so sick fucking sick
of hippies, hippies.

Just die already,
Just already die,
Die all of you,
Every one...

Posted by Gerard Van der Leun at April 19, 2006 12:59 PM

Isn't this tune from PeterPan, sung by Peter and the Lost Boys?

"I won't grow up, I'll never grow up"

From Taranto's Best of the Web email today:

"That '70s Show
The man who assisted Bob Woodward in uncovering the Watergate scandal for the Washington Post, Carl Bernstein, has an essay in Vanity Fair in which he voices his longing for a new Watergate. Here's the nub:

In terms of imminent, meaningful action by the Congress, however, the question of whether the president should be impeached (or, less severely, censured) remains premature. More important, it is essential that the Senate vote--hopefully before the November elections, and with overwhelming support from both parties--to undertake a full investigation of the conduct of the presidency of George W. Bush, along the lines of the Senate Watergate Committee's investigation during the presidency of Richard M. Nixon.

This is the latest manifestation of a phenomenon we've noted before: nostalgia for Vietnam and Watergate, which were tragedies for the nation but triumphs for a certain type of liberal.

Bernstein's interminable essay underscores just how pathetic this nostalgia is. During Watergate, after all, Bernstein was an up-and-coming young reporter digging up dirt on a corrupt administration. Now, he's a sexagenarian scribbler writing thumb-sucking essays about how Congress really ought to do something about finding the corruption that he's sure is out there somewhere.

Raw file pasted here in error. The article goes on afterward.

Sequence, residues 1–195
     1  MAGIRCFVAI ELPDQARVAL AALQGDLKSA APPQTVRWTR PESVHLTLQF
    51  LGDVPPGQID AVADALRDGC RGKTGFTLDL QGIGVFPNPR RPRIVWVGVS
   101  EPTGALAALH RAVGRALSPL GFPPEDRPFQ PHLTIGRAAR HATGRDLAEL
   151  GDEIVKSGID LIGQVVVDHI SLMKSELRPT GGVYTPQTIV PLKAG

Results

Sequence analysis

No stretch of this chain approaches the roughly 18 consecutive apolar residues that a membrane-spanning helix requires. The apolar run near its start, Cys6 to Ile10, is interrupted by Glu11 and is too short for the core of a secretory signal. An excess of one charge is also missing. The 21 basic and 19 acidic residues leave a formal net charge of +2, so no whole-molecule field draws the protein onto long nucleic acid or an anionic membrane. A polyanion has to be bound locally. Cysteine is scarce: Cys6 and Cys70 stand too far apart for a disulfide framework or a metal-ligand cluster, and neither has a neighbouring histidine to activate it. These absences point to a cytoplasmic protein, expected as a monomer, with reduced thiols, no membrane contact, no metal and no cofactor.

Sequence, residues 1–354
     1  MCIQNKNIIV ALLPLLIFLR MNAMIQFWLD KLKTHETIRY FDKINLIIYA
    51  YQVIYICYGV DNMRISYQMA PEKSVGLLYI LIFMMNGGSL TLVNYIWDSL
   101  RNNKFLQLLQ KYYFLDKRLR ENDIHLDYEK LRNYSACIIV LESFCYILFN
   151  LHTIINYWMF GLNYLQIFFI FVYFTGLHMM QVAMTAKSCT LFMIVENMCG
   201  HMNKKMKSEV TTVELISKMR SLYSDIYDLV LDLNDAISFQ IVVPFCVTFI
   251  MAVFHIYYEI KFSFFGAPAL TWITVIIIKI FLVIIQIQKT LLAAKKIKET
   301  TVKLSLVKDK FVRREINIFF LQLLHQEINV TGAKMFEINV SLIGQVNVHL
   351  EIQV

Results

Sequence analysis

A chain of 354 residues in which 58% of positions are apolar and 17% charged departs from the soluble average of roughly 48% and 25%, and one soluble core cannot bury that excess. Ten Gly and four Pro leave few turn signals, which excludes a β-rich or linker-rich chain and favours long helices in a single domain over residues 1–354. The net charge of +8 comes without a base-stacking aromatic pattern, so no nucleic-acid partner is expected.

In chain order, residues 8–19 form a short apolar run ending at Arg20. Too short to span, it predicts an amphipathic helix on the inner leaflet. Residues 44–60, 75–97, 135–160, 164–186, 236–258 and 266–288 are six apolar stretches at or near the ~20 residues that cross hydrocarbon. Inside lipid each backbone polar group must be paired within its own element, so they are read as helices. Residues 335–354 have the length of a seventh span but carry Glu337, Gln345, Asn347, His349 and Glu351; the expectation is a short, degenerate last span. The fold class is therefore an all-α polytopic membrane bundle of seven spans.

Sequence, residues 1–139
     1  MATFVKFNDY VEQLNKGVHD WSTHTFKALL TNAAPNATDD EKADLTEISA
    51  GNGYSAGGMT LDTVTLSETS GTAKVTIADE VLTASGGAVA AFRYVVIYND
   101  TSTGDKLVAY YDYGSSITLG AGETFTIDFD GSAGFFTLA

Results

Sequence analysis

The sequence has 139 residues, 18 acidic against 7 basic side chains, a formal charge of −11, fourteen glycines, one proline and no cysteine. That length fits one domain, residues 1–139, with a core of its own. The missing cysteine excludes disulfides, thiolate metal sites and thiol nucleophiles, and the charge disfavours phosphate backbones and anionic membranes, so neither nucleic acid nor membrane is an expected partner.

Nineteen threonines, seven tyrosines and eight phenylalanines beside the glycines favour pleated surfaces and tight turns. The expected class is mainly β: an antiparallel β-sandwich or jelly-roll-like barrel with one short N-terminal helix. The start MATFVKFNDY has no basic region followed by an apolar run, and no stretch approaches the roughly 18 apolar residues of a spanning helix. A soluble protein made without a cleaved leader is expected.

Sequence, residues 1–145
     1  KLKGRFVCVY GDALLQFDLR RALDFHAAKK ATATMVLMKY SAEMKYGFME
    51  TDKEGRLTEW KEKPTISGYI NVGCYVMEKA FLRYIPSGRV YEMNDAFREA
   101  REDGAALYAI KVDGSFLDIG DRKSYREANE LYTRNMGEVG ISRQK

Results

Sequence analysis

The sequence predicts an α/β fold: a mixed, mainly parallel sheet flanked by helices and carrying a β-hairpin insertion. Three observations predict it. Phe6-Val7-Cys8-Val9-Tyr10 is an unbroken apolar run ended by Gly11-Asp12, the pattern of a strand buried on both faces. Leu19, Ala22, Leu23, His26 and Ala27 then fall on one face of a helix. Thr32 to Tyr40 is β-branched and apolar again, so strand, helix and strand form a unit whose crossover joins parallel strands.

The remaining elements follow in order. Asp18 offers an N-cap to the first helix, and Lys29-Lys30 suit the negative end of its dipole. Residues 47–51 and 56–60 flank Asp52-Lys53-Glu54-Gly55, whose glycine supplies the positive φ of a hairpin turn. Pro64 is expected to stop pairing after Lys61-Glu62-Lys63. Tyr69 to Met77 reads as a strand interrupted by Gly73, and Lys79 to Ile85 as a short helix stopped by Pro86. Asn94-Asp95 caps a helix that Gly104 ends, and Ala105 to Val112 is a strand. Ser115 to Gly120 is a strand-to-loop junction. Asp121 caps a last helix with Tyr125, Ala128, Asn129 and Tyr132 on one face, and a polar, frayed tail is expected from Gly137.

Similarly, in 1971 John Kerry* proudly slandered fellow Vietnam veterans. But by 2004 he was pretending he saw his own service in Vietnam as heroic, and he never made up his mind whether he was for the war in Iraq or against it until after he'd lost his bid to unseat President Bush.

These guys might actually have something to contribute to the country if they'd ever grow up and stop obsessing over their lost youth.

* Who subsequently became the second man ever to serve as Michael Dukakis's lieutenant governor."....Taranto 4/19/06

"Happy people more able to think logically"..

Angry/negative people {BDSers?} can be bad for your brain

Click here: Creating Passionate Users: Angry/negative people can be bad for your brain

Posted by LARWYN at April 19, 2006 1:01 PM

As a Gen-Xer, I applaud the Gen-X verse above, but I think Gerard improved it in his example.

But that is really the hell of it:

The classics got deconstructed before we got to see them and we got shoveled Maya Angelou and assorted crap.

Now we don't even have the vocabulary to Howl even if we desperately wanted to. All we can really do now is Bleat.

I wish to hell I could have ever gotten a top-of-the-line classical education like Gerard and his cohort got at places like Berkley. I swear I wouldn't crap on it....

I didn't grow up in 'the sixties', but I did grow up reading Omni and Esquire and Penthouse. My mom ran off to 'find herself', and everyone I knew in Middle School smoked dope.